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Four things to agree on before marriage – Part 4

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James O. James

“Honour your father and your mother; that your days may be long upon the land which the LORD your God has given you. Exodus 20:12
Recently on Facebook, there was the story about a bride, who ended her wedding at the reception venue. Apparently, they had an argument about serving and sharing food to her guests and her mother- in-law slapped her for being rude. She responded by giving her mother-in-law a dirty slap in return. This kind of story is common because sometimes, in-laws can be overbearing or wanting to exert undue influence on the marriage.

Another important agreement to make before you marry is to agree on how to treat in-laws. Before going into details, it is important to remember that in many African cultures, in-laws are an integral part of the marriage. You essentially marry into your spouse’s family and become a part of the larger family.

However, this cultural concept sometimes puts pressure on the couple, especially the wife, as she is expected to please every family member, whether immediate or extended.

I remember the story of this young couple, who were visited by the man’s mother. In order to impress “Mama,” the wife decided to cook a very delicious meal with large pieces of meat. At dinner, the mother said to her son in vernacular, “I didn’t know this is how the wife is wasting your money, when we are suffering in the village.” Unknown to the mother, the wife had started learning the husband’s language and a big quarrel ensued.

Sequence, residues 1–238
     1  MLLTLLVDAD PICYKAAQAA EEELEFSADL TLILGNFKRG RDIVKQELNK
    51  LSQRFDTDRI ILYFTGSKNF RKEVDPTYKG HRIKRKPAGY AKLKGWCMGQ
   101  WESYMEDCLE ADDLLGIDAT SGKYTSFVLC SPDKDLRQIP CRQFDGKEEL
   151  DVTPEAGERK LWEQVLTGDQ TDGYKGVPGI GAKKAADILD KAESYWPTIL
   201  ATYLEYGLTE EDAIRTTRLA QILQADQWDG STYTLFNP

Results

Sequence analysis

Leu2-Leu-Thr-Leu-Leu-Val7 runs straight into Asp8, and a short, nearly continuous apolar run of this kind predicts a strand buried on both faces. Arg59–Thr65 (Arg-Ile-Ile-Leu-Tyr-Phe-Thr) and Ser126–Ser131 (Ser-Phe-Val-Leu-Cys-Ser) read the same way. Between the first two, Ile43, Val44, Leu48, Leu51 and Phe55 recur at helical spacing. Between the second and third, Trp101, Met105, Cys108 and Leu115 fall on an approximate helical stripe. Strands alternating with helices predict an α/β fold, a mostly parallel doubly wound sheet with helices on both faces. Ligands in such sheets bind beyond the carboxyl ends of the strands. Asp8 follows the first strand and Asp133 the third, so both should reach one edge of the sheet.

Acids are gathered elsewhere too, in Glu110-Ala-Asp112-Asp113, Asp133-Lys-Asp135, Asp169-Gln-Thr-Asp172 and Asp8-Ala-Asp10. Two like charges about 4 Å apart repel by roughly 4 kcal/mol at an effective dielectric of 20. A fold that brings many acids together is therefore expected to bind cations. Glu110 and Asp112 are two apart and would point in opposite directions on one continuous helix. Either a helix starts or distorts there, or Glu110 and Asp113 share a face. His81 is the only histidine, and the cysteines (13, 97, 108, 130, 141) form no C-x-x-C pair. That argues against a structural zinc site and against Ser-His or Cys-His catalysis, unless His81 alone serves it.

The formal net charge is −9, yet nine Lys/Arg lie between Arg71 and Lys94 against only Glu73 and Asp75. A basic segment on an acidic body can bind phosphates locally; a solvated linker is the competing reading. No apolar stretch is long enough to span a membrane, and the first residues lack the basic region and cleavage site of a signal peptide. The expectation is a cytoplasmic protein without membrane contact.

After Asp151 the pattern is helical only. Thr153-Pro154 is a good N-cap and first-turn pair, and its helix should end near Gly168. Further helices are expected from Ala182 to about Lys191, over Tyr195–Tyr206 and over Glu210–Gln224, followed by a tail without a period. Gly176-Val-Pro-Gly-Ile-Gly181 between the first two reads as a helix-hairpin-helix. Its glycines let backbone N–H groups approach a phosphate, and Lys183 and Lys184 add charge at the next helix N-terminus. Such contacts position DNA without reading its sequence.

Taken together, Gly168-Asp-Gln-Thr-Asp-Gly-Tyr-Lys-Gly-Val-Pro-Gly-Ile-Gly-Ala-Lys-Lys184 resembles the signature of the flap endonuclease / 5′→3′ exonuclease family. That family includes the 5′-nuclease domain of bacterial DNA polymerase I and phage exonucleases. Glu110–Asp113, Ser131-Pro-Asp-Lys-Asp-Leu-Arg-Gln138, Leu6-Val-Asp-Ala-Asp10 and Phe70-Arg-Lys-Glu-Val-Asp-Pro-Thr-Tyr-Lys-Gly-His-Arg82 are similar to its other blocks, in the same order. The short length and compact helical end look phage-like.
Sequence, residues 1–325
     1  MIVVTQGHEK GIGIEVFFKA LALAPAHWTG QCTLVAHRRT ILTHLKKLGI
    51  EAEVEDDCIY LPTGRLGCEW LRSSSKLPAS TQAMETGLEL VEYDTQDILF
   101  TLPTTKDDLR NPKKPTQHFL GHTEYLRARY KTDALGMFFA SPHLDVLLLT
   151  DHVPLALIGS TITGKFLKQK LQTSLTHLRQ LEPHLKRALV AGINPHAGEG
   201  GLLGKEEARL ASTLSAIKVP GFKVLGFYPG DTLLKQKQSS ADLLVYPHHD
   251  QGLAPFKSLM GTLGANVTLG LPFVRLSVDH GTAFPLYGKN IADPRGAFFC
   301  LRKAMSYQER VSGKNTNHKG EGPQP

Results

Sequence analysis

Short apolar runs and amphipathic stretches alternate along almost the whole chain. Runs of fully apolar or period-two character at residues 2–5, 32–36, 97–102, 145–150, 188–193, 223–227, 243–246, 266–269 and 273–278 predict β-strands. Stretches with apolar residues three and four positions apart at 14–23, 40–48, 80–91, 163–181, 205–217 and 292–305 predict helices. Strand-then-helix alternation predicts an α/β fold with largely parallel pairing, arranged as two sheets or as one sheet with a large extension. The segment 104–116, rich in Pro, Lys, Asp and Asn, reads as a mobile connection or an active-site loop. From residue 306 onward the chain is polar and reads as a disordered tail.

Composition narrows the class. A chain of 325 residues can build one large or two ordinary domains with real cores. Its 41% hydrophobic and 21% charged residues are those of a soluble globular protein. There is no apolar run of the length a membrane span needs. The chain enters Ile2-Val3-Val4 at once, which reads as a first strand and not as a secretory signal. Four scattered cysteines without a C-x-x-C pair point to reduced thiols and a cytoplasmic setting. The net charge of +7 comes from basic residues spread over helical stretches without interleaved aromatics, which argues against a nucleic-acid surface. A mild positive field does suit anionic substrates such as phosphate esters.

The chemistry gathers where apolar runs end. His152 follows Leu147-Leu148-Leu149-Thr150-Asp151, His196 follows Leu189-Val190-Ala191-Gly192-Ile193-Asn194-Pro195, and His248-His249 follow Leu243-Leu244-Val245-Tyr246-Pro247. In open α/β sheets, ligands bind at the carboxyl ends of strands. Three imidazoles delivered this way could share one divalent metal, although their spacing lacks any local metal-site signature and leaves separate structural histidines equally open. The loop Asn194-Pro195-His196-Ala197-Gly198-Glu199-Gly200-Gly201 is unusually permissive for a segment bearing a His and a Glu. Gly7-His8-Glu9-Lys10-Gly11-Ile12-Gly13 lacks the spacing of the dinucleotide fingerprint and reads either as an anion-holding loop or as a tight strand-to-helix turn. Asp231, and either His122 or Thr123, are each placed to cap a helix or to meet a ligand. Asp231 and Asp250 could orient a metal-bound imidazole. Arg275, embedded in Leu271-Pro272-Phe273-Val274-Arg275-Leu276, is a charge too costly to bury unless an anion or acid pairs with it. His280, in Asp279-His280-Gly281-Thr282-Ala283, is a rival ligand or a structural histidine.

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Therefore, agree that the man is the King of the home, while the wife is the Queen. The man must be able to put his foot down to let them know that no family member is allowed to disrespect his wife and vice versa. When brother or sisters-in-law come to the house, they are to subject themselves to the wife’s authority, as the next in command in the house.

Secondly, it is important to agree never to report each other to your parents, no matter what. Learn to solve your problems by yourselves or at worst, seek intervention of your Pastor or godly church members. If you report your spouse to your parents, after you have forgiven him/her, they may never forgive him/her.

Thirdly, agree to honour both parents. Parents in-law deserve as much honour as your own parents, because you have become part of the family by marriage. What you would do for your own parents should also be done for them as much as possible. I know a couple, who, if the man wants to send money to his parents, does so through his wife and when the woman wants to send anything to her own parents, it is through her husband.

These are other things that must be agreed upon before marrying to avoid in-law issues later on.
For enquiries contact: Elshaddai Covenant Church, 7, Social Club Road, Off Charity Road, Abule-Egba. Tel: 08080929292; 08182281184 (Whatsapp messages only).

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In this article:
Dr. James O. James
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